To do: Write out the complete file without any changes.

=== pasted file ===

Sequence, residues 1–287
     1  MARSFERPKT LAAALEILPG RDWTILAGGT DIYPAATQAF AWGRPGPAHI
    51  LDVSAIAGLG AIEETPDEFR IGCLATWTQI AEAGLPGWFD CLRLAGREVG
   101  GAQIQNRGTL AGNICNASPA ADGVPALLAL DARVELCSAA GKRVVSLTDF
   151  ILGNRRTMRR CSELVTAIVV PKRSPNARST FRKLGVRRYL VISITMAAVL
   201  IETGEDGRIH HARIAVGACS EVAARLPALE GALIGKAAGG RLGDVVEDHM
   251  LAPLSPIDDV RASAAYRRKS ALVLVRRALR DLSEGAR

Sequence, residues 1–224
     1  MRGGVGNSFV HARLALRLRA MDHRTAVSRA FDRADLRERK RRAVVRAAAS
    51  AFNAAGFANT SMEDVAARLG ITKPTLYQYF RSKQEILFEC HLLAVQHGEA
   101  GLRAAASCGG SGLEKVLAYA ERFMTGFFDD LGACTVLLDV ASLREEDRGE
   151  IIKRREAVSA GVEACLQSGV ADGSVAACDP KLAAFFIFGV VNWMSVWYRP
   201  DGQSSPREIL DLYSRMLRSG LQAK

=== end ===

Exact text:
Sequence, residues 1–287
     1  MARSFERPKT LAAALEILPG RDWTILAGGT DIYPAATQAF AWGRPGPAHI
    51  LDVSAIAGLG AIEETPDEFR IGCLATWTQI AEAGLPGWFD CLRLAGREVG
   101  GAQIQNRGTL AGNICNASPA ADGVPALLAL DARVELCSAA GKRVVSLTDF
   151  ILGNRRTMRR CSELVTAIVV PKRSPNARST FRKLGVRRYL VISITMAAVL
   201  IETGEDGRIH HARIAVGACS EVAARLPALE GALIGKAAGG RLGDVVEDHM
   251  LAPLSPIDDV RASAAYRRKS ALVLVRRALR DLSEGAR

Sequence, residues 1–224
     1  MRGGVGNSFV HARLALRLRA MDHRTAVSRA FDRADLRERK RRAVVRAAAS
    51  AFNAAGFANT SMEDVAARLG ITKPTLYQYF RSKQEILFEC HLLAVQHGEA
   101  GLRAAASCGG SGLEKVLAYA ERFMTGFFDD LGACTVLLDV ASLREEDRGE
   151  IIKRREAVSA GVEACLQSGV ADGSVAACDP KLAAFFIFGV VNWMSVWYRP
   201  DGQSSPREIL DLYSRMLRSG LQAK